In 1906, Tesla suffered a series of nervous breakdowns because of the mounting financial problems. He was exhibiting signs of obsessive-compulsive disorder and later became a potential high-functioning autistic.
Tesla’s chief manager, who supervised Wardenclyffe, left the job to find other employment opportunities. The neighbours around the tower found it to be deserted without any intimation.
In 1904, Tesla put the Wardenclyffe property on mortgage, for covering his staying expenses to George C. Boldt, the owner of Waldorf-Astoria Hotel. In 1908, Tesla secured another mortgage to further meet his expenses.
Around 1911, the facility was partially forsaken and the structure of the tower started disintegrating. From 1912 to 1915, Tesla’s financing details were disentangled. Much to their dismay and displeasure, when the financers enquired about the ways to recover their investments, Tesla was not able to give acceptable answers.
Demolition of Tesla Tower
Tesla’s total cumulative debt to Waldorf-Astoria was close to $20,000 by mid-1915. Because of severe negligence and financial setbacks, Tesla became completely incapacitated to make repayments for the mortgages.
It was Boldt who then decided to foreclose the Wardenclyffe property. Boldt found the property totally useless and ultimately made up his mind to demolish the tower and sell it as scraps. It was the Smiley Steel Company who began dismantling the tower by dynamite explosions on July 4, 1917.
The work was completed in the month of September and the razed tower was sold off as scrap at an estimated value of $1750. The main facility was breached and vandalized. It turned out to be a manufactory of photographic material, down to AGFA closing it in 1992.
Malicious rumour of German spies
However, in course of the World War I, a vicious rumour spread like a wildfire in most newspapers and different publications. It was conjectured that Wardenclyffe was decimated after receiving orders from the then US government.
The officials had apprehensions that German undercover agents were putting the tower to work as an observation post, a radio transmitter or as a marker for German submarines.
Tesla was highly dejected when he learnt about this rumour that questioned his layers of patriotism. But he avoided speaking out to the press and revealing the genuine reason for the demolition. This was because he kept his association with Boldt and the related accounts about the mortgage off from the public.
What happened after the dismantling?
Between 1980 and 2000, the hazardous wastes from the photographic age were cleaned up. The site was disposed of and green-lighted for a new development.
IndieGogo, a grassroots campaign by two Russian physicists, managed to succeed in purchasing and saving the property with the sole aim to build a museum in the memory of Nikola Tesla. In 2018, was site was registered as a heritage spot in the National Register of Historic Places.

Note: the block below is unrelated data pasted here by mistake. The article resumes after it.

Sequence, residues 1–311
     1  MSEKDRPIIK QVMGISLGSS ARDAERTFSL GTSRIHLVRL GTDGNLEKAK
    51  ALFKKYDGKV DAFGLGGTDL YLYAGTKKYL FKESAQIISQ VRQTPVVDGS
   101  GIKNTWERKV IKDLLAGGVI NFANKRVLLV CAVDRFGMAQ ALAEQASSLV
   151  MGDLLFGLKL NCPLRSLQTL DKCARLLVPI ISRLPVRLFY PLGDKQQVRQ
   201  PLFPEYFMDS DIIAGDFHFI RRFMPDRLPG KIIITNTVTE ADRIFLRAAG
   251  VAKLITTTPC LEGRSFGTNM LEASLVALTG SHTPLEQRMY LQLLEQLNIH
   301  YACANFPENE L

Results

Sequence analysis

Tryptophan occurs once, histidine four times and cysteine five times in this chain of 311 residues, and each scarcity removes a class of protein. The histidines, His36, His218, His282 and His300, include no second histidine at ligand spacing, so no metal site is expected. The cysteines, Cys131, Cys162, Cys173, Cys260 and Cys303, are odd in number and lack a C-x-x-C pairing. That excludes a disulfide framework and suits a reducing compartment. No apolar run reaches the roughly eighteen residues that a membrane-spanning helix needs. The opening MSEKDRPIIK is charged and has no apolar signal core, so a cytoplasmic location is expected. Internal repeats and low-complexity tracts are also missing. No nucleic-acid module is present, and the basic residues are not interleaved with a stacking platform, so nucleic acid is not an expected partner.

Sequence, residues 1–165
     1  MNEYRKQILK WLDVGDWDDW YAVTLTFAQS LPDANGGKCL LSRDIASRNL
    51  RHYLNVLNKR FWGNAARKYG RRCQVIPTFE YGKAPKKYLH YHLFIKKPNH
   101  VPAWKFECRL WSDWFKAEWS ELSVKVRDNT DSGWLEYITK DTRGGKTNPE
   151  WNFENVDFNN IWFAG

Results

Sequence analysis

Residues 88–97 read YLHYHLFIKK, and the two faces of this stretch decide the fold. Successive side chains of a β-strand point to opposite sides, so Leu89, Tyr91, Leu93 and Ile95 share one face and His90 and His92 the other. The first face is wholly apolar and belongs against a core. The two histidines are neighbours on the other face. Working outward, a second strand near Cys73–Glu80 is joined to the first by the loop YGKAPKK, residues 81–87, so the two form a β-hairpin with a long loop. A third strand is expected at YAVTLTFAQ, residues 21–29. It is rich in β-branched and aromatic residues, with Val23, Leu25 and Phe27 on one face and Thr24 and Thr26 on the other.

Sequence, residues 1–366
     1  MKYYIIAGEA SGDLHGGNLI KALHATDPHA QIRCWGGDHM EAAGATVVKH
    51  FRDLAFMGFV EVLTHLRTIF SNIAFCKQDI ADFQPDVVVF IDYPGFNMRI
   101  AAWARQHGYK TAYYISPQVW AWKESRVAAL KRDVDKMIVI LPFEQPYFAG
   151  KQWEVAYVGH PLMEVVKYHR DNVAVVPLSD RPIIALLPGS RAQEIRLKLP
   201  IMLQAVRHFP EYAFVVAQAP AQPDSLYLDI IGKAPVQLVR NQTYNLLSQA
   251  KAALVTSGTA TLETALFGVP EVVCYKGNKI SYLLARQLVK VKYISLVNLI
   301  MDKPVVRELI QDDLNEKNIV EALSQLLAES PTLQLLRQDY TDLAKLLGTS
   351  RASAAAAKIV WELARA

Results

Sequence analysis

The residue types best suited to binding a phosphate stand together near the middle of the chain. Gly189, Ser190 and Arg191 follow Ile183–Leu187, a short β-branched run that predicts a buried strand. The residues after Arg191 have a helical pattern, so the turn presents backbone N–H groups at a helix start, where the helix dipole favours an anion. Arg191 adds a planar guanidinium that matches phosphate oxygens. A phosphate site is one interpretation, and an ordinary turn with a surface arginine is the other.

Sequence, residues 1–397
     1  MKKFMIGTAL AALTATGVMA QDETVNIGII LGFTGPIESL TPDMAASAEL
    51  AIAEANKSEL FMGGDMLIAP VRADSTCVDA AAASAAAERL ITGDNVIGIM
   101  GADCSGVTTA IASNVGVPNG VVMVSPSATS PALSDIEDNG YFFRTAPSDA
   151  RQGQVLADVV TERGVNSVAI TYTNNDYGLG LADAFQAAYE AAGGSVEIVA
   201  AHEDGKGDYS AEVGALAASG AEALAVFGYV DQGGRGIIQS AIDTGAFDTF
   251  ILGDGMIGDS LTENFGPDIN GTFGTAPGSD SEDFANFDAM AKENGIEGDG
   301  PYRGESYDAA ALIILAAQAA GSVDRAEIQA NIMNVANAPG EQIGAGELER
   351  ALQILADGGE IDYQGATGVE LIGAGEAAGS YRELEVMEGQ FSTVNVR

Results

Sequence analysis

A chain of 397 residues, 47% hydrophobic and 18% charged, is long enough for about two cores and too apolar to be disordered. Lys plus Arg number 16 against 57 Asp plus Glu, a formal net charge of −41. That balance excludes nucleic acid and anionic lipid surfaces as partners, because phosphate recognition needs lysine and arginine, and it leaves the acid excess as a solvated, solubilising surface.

Resurrection of Wardenclyffe
As per last reports from Reuters available in the records, in 2014, two Russian physicist brothers Leonid and Sergey Plekhanov started to raise funds for the revival of Tesla’s progressive project.
Subsequent to investigating Tesla’s journals and plans, the Plekhanovs believed that with the help of ultra-modern solar panels, lighter building construction materials and $800,000, they can reconstruct the Tesla Tower.
The Plekhanovs have conducted basic research and analysis, executed the computational models and composed every part of the test. They trusted that with the proposed architecture in place, they have the ability to transmit energy and measure the results.
The Plekhanovs’ exploration appraises that around 38,000 square miles construction of solar panels amid a desert close to the equator could produce adequate power to supply the world’s electricity requirements.
Tesla’s pinnacle could deliver electricity to the consumers, but the only means to accomplish this concept is to rebuild it and discover. As of the latest publication, they have successfully raised assets worth over $40,000 through crowdfunding, for the venture through the IndieGoGo kick starter campaign.
End of the line
Tesla’s ultimate wish was to generate electricity from the gigantic resources of the Power Plant adjoining the Niagara Falls and distribute all over the world. The project was sheer magnificence. But, sadly it never saw the light of the day.
Pioneering concepts of telegraph and telephone communications were spearheaded by Tesla at Long Island. They are still considered to be the bedrock of the present day’s rapidly developing advancements in the domain of wireless communications across nations and continents alike.
Had the Tesla Tower been completely constructed without any interruption, Tesla might have managed to change the pathway of history once again.
The facets of instant availability of information, power, pilfered phonograph cylinders and lascivious photographs of floozies with bare ankles might have inundated the “TeslaNet” ushering in the Information Age nearly a century ahead of its schedule.
It definitely would have made the world, in the present times, a different place to live in. Now is the time to appreciate the future that Tesla had envisaged, albeit somewhat behind the calendar.
Enjoyed this article? Also, check out “Optical Telegraph: Communication Before the Internet“.